I completely agree with your assessment.  They should just send the symptoms as a member of the notification REST POST body which would be an array of all the symptoms.  Even that is a bit unwieldy, but given that an alert can have somewhat complex definitions, and may need to meet all symptom conditions before being triggered, the resultant message or symptom digest could potentially be fairly large.  But even if they just collected the symptoms for you that triggered the alert, that would save a boatload of effort.

              • 4. Re: Rest notification (is this a bug)
                vMan Enthusiast
                vExpert

                unfortunately this is just the way the REST outbound plugin works / designed... I had a similar issue about 9 months ago.... But in my case I did not want to use SHIM server, I didn't want another man in the middle...

                 

                In the end I ended up building my own Custom Rest Outbound plugin for vRops where I could structure the message as I required (XML in my case) and populate it with vRops alert, criticality  etc... which was hen used to generate tickets in out incident management system.

                 

                I am getting ready write a blog post and share my Outbound plugin.... but need to find the time to write the post...

                 

                If you are interested i could try to speed it up.... just be aware that its not supported by VMware and at each vRops upgrade you need to make sure its still compatible as sometimes it is dependent on libs which have been updated in new releases... (I am keeping it up to date as I need it for my client)

                 

                The outbound solution works like this... vRops will replace the items between the #'s and POST or PUT the XML or JSON it to the destination server.

                 

                #alertstate#, state

                #alertadapterkind#, alertBase.getAdapterKind()

                #alertdefinitionid#, alertBase.getAlertDefinitionId()

                #alertname#, alertDefName

                #alertdescription#, alertDefDesc

                #alertcriticality#, alertCriticality

                #alertefficiency#, AlertUtil.convertHREvalue(alertBase.getEfficiency())

                #alerthealth#, AlertUtil.convertHREvalue(alertBase.getHealth())

                #alertimpact#, alertBase.getImpact()

                #alertvropservername#, AlertUtil.getHostName(alertBase.getAlertInfo())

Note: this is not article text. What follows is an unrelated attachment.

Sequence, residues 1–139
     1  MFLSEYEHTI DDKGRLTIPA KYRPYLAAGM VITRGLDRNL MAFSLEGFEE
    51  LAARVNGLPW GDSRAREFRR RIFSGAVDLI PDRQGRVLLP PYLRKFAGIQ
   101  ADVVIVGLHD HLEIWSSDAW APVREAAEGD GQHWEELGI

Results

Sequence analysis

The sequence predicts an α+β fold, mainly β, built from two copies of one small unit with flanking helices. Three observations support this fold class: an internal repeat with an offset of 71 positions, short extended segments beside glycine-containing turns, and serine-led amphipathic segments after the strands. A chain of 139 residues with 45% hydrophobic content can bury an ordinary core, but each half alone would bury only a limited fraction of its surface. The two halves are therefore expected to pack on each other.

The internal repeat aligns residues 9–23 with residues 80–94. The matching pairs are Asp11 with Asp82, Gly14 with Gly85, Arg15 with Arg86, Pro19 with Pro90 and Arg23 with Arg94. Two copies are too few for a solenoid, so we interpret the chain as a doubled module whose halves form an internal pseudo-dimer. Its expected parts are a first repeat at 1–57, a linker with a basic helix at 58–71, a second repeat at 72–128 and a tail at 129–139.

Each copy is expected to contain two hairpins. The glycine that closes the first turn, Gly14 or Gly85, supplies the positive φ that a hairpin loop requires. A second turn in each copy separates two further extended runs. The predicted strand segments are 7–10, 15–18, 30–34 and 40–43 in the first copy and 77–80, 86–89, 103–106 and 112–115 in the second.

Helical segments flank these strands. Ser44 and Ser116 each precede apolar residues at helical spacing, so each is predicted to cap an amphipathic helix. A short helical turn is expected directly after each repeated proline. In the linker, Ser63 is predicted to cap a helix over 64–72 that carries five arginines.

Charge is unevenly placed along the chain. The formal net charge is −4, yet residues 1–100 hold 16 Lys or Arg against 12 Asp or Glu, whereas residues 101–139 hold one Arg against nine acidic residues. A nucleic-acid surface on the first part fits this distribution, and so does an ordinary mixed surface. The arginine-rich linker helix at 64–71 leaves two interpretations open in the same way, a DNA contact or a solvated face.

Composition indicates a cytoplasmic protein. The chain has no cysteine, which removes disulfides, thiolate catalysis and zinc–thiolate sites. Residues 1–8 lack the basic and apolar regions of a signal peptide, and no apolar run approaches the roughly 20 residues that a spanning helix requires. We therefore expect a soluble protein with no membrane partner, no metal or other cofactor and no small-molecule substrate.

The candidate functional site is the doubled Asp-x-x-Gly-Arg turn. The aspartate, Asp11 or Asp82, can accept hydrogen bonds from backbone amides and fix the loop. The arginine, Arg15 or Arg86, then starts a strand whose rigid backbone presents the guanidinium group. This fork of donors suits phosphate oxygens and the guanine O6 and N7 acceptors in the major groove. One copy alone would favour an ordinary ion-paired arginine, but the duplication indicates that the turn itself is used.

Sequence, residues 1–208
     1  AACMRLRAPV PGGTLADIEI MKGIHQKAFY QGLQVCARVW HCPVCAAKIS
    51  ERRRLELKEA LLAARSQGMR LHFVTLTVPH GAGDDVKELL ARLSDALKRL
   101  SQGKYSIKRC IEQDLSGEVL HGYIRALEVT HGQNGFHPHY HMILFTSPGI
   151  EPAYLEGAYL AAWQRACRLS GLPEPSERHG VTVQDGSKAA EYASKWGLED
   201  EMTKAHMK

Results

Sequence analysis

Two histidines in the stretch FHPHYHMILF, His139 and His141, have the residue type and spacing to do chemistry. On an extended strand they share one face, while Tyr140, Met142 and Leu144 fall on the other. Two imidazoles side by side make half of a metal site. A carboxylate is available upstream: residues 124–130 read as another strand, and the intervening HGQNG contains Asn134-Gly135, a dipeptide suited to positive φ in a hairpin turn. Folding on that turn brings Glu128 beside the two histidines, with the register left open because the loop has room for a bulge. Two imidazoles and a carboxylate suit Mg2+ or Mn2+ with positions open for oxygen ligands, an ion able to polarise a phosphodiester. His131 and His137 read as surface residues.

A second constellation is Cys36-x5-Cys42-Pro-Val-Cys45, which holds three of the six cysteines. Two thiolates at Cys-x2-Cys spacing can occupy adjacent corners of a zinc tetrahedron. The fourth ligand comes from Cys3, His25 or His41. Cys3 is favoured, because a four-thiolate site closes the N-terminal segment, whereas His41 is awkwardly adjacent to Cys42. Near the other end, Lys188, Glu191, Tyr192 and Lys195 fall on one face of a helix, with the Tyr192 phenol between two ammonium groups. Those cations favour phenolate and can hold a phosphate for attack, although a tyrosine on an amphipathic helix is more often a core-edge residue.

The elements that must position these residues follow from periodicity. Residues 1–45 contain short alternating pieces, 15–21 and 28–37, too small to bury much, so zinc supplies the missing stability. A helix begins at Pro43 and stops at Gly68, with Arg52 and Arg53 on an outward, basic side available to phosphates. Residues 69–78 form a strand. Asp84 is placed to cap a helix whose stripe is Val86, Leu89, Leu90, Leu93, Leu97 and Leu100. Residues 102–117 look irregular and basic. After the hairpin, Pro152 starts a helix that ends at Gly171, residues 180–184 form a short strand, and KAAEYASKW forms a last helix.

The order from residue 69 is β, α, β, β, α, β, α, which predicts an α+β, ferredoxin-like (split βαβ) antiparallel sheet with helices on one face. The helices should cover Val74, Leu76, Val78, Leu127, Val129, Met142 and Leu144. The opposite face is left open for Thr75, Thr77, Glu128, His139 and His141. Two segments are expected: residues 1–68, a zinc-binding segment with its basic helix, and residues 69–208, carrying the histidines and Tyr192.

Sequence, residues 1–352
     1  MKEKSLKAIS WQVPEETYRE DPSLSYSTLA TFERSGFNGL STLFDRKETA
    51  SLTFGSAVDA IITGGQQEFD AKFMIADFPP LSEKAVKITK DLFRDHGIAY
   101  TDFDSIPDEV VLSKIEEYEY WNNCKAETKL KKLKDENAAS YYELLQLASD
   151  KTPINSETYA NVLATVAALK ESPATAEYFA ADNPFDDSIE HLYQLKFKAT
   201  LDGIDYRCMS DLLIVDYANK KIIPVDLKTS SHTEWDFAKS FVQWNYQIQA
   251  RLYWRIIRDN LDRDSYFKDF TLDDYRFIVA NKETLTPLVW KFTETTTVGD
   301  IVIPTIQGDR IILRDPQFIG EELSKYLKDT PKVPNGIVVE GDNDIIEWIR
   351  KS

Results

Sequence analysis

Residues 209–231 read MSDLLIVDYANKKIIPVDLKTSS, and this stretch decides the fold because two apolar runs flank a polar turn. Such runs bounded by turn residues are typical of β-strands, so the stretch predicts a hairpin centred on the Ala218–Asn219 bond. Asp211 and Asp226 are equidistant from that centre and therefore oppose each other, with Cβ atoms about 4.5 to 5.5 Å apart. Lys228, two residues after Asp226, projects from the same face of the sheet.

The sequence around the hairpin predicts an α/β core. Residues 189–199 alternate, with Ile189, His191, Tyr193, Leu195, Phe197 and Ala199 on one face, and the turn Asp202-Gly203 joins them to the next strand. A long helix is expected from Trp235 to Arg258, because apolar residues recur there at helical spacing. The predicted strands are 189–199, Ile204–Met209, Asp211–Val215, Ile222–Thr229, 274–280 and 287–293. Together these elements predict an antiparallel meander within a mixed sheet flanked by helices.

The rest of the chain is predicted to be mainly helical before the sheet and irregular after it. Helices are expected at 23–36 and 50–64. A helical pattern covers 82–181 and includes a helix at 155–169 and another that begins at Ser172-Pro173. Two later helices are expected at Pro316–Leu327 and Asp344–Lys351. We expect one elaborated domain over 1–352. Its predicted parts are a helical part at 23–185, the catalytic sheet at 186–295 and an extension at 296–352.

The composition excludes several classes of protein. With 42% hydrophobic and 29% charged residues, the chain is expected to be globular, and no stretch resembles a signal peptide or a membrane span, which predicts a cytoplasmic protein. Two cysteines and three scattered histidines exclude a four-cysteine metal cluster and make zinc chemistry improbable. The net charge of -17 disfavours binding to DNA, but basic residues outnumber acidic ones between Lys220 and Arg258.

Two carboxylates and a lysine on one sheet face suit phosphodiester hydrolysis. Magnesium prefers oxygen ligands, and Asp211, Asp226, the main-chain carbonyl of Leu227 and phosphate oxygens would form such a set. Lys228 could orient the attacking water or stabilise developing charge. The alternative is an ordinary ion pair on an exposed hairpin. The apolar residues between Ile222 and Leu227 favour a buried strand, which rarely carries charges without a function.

#alertvropserver#, alertBase.getAlertInfo().getHostAddress())

                #alertresourcekind#, resourceKind

                #alertresourcename#, resourceName

                #alertresourceuuid#, alertBase.getResourceUUID()

                #alertrisk#, AlertUtil.convertHREvalue(alertBase.getRisk())

                #alertstatus#, Integer.toString(alertBase.getStatus())

                #alerttype#, alertType

                #alertsubtype#, alertSubType

                #alertid#, alertBase.getAlertID().getUUID()

                #alerturl#, alertBase.getAlertInfo().getAlertDetailURL()

                #startdate#, starttime

                #updatedate#, updatedate

                #canceldate#, canceldate

                 

                So you build your structure and place in the #value# in the nodes or structure you require and vRops will populate it with the actual alert info...

                 

                <Incident>

                     <IncidentRequest>

                          <DateTime>#startdate#</DateTime>

                          <SourceCallBackAddress>#alerturl#</SourceCallBackAddress>

                     </IncidentRequest>

                     <IncidentMessage>

                          <ExternalIncidentID>#alertid#</ExternalIncidentID>

                          <Impact>#alertimpact#</Impact>

                          <IncidentDescription>#alertstate# - #alertresourcekind# - #alertresourcename# - #alertname#</IncidentDescription>

                          <Urgency>#alertcriticality#</Urgency>

                     </IncidentMessage>

                </Incident>

                 

                and this is what the example output looks like

                 

                <Incident>

                     <IncidentRequest>

                          <DateTime>2017-11-17T23:41:02Z</DateTime>

                          <SourceCallBackAddress>https://192.168.YYY.XXX/ui/index.action#/object/862ef610-ce08-40f6-8cb0-9dd0b501ee1d/alertsAndSymptoms/alerts/8c81bd0f-f342-48f1-a410-43c17e547ce7</SourceCallBackAddress>

                     </IncidentRequest>

                     <IncidentMessage>

                          <ExternalIncidentID>8c81bd0f-f342-48f1-a410-43c17e547ce7</ExternalIncidentID>

                          <Impact>health</Impact>

                          <IncidentDescription>add - VirtualMachine - sexigraf - Object is down</IncidentDescription>

                          <Urgency>critical</Urgency>

                     </IncidentMessage>

                </Incident>

                 

                Cheers

                vMan

                • 5. Re: Rest notification (is this a bug)
                  vMan Enthusiast
                  vExpert

                  Finally got around to blogging about it... http://vman.ch/vrops-custom-rest-outbound-plugin/